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I also have two ceramic paring knives which have lasted well.
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Old 12-08-2018, 23:11   #8
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Re: knife recommendations

I have the very same Henckels santoku knife and love it, use it about 90 % of knife work. I used to think it was the "dimples" that made it great but then read an article about Japanese knives have a much sharper angle to its cutting surface. I find the blade much thinner than other popular carving knives which helps in performance. I love, love, love this knife.
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Old 13-08-2018, 11:02   #9
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Re: knife recommendations

Two disposable things... cheap sharp ceramic knives from the dollar store and non stick cheap pans fro wherever. When they get wrecked after a year or two, throw them out and get new ones!
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Old 14-08-2018, 09:44   #10
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Re: knife recommendations

The short Victorinox knives are very cheap, and 100x better than what you get at the dollar store.
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Old 14-10-2018, 00:11   #11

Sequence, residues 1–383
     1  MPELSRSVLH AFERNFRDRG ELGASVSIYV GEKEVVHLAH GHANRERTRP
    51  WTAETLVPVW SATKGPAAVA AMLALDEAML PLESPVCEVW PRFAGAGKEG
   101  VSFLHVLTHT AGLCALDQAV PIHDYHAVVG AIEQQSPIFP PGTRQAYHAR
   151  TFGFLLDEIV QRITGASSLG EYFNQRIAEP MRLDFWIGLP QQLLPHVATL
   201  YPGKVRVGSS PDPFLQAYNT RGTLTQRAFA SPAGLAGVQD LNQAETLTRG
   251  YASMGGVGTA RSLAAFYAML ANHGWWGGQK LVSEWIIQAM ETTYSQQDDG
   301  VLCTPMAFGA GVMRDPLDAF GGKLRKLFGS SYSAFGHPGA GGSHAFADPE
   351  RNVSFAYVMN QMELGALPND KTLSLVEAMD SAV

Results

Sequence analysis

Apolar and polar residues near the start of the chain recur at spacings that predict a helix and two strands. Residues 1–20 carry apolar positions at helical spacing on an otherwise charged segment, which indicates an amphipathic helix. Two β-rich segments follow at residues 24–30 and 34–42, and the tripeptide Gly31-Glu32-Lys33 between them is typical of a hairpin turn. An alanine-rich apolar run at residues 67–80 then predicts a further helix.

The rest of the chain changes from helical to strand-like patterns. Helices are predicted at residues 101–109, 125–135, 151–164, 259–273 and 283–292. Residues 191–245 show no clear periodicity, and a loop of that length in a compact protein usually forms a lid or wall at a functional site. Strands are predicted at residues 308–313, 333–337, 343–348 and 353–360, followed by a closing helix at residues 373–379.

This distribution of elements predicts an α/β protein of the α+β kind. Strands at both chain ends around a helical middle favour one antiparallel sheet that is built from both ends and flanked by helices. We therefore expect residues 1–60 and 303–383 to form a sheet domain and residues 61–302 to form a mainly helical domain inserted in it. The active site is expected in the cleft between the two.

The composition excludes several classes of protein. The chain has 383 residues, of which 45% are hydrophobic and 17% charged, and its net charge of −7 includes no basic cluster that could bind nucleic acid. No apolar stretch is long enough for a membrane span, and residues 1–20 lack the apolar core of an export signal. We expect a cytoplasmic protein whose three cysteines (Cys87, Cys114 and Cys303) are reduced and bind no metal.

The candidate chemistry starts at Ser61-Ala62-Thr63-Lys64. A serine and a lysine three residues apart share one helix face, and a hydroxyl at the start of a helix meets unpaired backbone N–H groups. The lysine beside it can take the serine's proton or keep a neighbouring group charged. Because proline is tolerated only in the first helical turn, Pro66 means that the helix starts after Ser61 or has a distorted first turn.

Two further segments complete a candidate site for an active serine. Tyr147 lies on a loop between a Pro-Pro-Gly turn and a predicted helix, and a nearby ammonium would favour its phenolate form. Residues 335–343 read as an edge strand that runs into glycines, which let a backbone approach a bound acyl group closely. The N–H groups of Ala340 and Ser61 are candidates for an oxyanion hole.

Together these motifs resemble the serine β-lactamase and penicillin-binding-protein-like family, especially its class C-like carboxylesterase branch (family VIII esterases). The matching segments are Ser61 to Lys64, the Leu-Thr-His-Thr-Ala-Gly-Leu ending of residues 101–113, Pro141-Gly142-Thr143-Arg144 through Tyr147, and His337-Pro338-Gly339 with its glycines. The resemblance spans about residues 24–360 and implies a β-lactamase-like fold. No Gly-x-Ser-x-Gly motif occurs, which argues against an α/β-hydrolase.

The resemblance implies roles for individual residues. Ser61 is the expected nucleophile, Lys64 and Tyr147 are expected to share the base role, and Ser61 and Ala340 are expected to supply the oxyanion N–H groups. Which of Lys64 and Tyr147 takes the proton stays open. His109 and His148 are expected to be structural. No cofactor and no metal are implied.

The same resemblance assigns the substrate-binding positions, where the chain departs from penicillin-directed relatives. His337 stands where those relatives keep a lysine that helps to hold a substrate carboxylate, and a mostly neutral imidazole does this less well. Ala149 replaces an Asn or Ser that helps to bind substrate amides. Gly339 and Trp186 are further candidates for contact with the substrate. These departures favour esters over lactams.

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Re: knife recommendations

When my wife and I separated, she kept all the kitchen knives.... fine by me. I have been quite happy using my carbon steel, survival knives for kitchen duty. I have a few Mora's a KaBar and a few of Bushcrafting knives, all except the KaBar are scandi grind and easy to sharpen. I can batton through firewood with my bushcraft knife, so cutting onions is no problem.
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Old 14-10-2018, 16:25   #12
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Re: knife recommendations

Do you have Dyneema/whatever cored halyards and sheets?? If so an expensive knife like a Boye https://www.boyeknives.com/collectio...-folding-knife or some ceramic knives are a must. The exotics are hard to cut with conventional knives and dull them quickly. If you ever have to cut away your lines you'll thank a greater power you had one. The reason I say several ceramic knives is they break if asked to bend. Not that they are overly fragile but don't ever try and pry with one of them.
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Old 15-10-2018, 10:23   #13
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Re: knife recommendations

Have used Victorinox kitchen knives at home for years with great satisfaction.
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Old 15-10-2018, 10:52   #14
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Re: knife recommendations

Most importantly, have a way to keep whatever you use sharp. I never got the hang of a sharpening steel, but a small counter-top sharpening block used for a couple swipes at each use keeps a good edge. Sharpening is the reason I don't like ceramic knives as you need diamond honing, and I don't have that capability on-board. Dull knives are dangerous.
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Old 21-10-2018, 23:06   #15
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Re: knife recommendations

I hone my knives frequently, very frequently. A simple test to see how well your knife is sharpened is to cut a tomato, if your blade doesn't slice through easily, hone it and try again, then it will work.